What is the other name given to the Big Dipper?
A.Saptarishi
B.Plough
C.Saucepan
D.All of the these

Answer
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Hint: Ursa Major, as well as the asterisms that include or constitute it, is important to many civilizations across the world, typically as a symbol of the north. Its representation on Alaska's flag is a current illustration of this symbolism. The constellation was depicted in European star charts with the Big Dipper's'square' creating the bear's body and the chain of stars forming the Dipper's "handle" as a lengthy tail.

Complete answer:
The Great Bear (Ursa Major) is a constellation in the northern sky with a mythology that stretches back to prehistory. Its Latin name means "greater (or bigger) she-bear," a reference to and contrast with Ursa Minor, the smaller bear, which is located nearby. It was one of Ptolemy's original 48 constellations, which he recorded in the 2nd century AD. It is now the third most populous of the 88 contemporary constellations. Ursa Major is most known for its primary seven stars' asterism, which has been dubbed the "Big Dipper," "the Wagon," "Charles' Wain," and "the Plough," among other titles. The Big Dipper's stellar arrangement, in particular, resembles the form of the "Little Dipper."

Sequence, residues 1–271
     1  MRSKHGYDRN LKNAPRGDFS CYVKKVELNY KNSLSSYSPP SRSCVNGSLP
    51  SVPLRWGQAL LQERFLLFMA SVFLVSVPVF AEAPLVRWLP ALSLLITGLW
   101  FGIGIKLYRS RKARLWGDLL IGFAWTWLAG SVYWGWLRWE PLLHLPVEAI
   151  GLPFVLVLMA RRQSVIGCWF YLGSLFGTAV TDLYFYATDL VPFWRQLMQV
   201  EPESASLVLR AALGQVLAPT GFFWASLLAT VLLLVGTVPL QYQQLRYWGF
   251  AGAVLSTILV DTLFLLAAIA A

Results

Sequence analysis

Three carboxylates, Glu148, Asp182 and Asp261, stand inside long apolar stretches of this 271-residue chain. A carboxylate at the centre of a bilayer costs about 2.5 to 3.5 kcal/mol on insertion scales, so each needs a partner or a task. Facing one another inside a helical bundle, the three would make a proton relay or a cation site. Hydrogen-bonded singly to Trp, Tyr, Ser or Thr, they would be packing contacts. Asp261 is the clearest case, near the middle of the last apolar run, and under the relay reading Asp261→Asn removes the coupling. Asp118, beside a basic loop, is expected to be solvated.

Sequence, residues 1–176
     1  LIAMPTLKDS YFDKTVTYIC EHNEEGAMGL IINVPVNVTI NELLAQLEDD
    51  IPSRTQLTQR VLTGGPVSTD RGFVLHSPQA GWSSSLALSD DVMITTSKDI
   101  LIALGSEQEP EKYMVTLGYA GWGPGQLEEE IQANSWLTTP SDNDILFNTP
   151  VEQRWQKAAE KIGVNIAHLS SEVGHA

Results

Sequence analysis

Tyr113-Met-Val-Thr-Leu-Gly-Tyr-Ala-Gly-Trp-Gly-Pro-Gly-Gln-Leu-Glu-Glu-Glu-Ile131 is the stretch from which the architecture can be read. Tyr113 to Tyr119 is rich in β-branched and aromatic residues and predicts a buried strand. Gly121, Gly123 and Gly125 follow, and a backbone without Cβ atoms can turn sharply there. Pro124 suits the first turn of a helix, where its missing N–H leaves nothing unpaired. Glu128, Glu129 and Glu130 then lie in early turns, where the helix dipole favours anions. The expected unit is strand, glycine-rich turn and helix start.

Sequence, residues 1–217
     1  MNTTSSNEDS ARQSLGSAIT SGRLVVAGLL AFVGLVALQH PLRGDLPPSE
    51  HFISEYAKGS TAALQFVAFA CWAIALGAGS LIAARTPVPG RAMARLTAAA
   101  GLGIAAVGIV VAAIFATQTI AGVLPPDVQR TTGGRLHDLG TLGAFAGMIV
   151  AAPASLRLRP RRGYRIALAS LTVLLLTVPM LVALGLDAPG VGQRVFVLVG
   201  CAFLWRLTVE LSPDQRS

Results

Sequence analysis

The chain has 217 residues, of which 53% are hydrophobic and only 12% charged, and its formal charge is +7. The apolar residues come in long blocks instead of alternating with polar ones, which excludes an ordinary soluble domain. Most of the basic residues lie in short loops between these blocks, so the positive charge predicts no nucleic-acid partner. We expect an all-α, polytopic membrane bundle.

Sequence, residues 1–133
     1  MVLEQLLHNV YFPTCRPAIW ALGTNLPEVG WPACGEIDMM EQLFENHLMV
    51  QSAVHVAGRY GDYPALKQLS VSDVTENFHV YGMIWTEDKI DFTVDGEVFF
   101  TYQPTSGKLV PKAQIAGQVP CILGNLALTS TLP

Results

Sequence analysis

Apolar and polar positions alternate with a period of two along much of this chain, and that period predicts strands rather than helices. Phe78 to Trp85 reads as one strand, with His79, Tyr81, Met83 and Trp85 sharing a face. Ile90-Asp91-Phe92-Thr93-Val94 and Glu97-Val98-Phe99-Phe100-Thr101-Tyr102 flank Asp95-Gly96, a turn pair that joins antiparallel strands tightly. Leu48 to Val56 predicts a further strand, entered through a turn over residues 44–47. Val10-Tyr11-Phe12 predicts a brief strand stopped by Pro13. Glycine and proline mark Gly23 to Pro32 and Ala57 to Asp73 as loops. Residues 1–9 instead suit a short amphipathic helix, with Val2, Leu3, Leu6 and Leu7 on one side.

The Big Dipper is an asterism in the night sky that may be seen in the constellation Ursa Major, often known as the Great Bear. Plough, the Great Wagon, Saptarishi, and the Saucepan are some of the titles given to it by different cultures. Alioth, Dubhe, Merak, Alkaid, Phecda, Megrez, and Mizar are the seven brightest stars in Ursa Major that make up the Big Dipper.

Hence option D is correct.

Note:
The constellation Ursa Major has been rebuilt as an Indo-European one. It was one of the 48 constellations mentioned by Ptolemy in his Almagest in the 2nd century AD, and it was given the name Arktos Megale. Homer, Spenser, Shakespeare, Tennyson, and Federico Garcia Lorca all reference it in his poem "Song for the Moon." The constellation is also mentioned in ancient Finnish poetry, and it is shown in Vincent van Gogh's painting Starry Night Over the Rhône. Although this is widely contested, it may be referenced in the biblical book of Job, which is dated between the 7th and 4th century BC.